On Monday, after you’ve finished your collaborative post-mortem read-through, pick an ad from any era for us to study as a class. We’ll deconstruct four or five together on Tuesday. After that, you’ll be choosing a current campaign commercial for your group to tear apart for fallacies and manipulation, and this will be the first missive you send to the political campaign itself. For the moment, this is due on Friday, so that we can review and edit it as a class; you’ll then send your missive off over the weekend.
October 11, 2012Posted by on
Albany’s a-comin’, die Blitzkriegkinder, and that changes things. The short version of a very long and depressing educational tale is that, yes, you will almost certainly have to take a couple of state-mandated tests of dubious purpose and value; and, yes, you will almost certainly have to do this frequently and soon. Unfortunately, no one in Albany is willing to push back Election Day to accommodate us, so, if we want to continue to study logic and rhetoric in the real world, we’re going to have to balance that (and writing instruction and some zombie rhetoric) with a few soul-obliterating tests.
If you parse the parenthetical in that first paragraph, you’ll find that we’re actually balancing four things, and that we’re actually juggling, not balancing, and that what we are juggling might be chainsaws, and that those chainsaws are on fire:
- Real-time policing of logical fallacies in current local and national election campaigns
- State testing mandates spawned in the sulphurous bowels of Albany
- Writing instruction through the DAMAGES+ rubric
- Reading about interesting things like horror films, the uncanny valley, and zombies
The goal is to keep all that in the air without losing a limb—and to treat all of it as a learning opportunity, no matter how Kafkaesque public education becomes. Even that opening paragraph is tied to our current unit on logical fallacies: I’m reasoning sort of speciously and making sweeping generalizations, and I’m manipulating you through prejudicial language, especially with the “soul-obliterating” bit.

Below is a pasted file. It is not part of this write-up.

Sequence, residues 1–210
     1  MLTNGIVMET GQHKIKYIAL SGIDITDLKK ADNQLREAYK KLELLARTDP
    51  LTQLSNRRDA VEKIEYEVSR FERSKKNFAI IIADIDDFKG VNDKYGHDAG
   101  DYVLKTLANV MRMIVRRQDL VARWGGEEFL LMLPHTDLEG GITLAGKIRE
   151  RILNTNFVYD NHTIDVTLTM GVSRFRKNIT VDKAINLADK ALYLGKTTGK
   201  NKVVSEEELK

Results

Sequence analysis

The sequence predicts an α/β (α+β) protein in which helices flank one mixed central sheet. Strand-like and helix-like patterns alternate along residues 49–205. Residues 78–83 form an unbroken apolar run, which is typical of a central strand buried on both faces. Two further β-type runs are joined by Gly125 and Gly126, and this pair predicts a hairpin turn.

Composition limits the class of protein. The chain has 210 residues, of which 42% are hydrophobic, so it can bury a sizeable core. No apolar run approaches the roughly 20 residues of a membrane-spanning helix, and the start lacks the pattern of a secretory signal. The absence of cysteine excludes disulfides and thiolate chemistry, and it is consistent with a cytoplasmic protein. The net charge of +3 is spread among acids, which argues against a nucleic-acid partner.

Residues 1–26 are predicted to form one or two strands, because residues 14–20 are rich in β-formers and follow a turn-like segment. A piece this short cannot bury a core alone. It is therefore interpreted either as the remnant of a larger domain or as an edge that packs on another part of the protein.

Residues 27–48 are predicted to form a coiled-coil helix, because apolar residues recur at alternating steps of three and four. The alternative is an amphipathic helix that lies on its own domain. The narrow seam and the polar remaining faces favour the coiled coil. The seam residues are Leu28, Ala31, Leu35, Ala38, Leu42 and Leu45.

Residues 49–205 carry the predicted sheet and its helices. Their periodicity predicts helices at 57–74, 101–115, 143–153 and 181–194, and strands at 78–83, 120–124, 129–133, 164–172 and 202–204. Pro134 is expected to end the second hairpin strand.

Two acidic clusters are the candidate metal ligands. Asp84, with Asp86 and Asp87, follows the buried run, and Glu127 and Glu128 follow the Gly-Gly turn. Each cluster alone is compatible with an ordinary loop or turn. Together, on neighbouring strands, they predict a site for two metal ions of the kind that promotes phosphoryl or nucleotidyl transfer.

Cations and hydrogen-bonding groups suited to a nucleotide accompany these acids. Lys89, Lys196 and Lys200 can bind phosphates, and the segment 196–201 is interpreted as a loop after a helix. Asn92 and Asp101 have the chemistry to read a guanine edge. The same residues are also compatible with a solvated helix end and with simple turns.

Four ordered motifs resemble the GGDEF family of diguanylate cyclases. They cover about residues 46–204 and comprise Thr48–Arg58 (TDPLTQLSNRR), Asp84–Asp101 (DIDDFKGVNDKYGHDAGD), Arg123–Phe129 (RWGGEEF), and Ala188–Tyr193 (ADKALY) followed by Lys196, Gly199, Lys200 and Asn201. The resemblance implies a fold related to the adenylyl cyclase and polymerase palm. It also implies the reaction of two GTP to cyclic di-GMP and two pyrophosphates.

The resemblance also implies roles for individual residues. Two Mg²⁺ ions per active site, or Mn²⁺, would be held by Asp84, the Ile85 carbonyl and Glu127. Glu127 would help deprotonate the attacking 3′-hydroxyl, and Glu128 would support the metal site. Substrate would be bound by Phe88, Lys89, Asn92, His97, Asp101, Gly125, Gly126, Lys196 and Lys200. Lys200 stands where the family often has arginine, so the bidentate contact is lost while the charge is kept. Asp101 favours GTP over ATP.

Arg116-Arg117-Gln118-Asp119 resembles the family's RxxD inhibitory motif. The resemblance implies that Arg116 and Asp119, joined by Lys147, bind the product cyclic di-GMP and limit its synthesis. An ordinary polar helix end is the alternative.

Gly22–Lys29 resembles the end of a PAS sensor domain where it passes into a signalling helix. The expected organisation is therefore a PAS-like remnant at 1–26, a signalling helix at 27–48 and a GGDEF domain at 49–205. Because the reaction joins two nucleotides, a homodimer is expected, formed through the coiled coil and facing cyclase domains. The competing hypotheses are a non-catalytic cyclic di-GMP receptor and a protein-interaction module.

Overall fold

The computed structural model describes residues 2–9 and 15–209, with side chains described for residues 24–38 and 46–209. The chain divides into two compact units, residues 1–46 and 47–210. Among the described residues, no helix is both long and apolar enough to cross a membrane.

The point is that you can pick up the skills and knowledge you need if you invest in everything we do, whether it’s a surprise lecture or a presidential debate that surprised no one. So it is with the political artifacts you’ve submitted. And so it is with this circuitous explanation of what you are doing with them.
October 9, 2012Posted by on
We need to start with a quiz.
Many of you will panic at “quiz,” and a small percentage will answer that panic with an attempt to cheat; this is so common that is not really up for debate, nor is the systemic cheating in this building really the point. I bring it up only so that I can also tell you that this quiz will not be entered into THE ALMIGHTY GRADEBOOK. It is being given as part of a lesson on writing rubrics and grading.
The quiz: Write the eight categories that comprise our course’s writing rubric. Take no more than 60 seconds to do this. When you are ready, click to continue reading.
October 4, 2012Posted by on
Use this post to continue our discussion from Thursday’s class. I will fold these comments into the ongoing point aggregate that also includes your artifact analysis. Remember to stay focused on logical fallacies and other kinds of manipulative rhetoric; don’t turn this into a melee.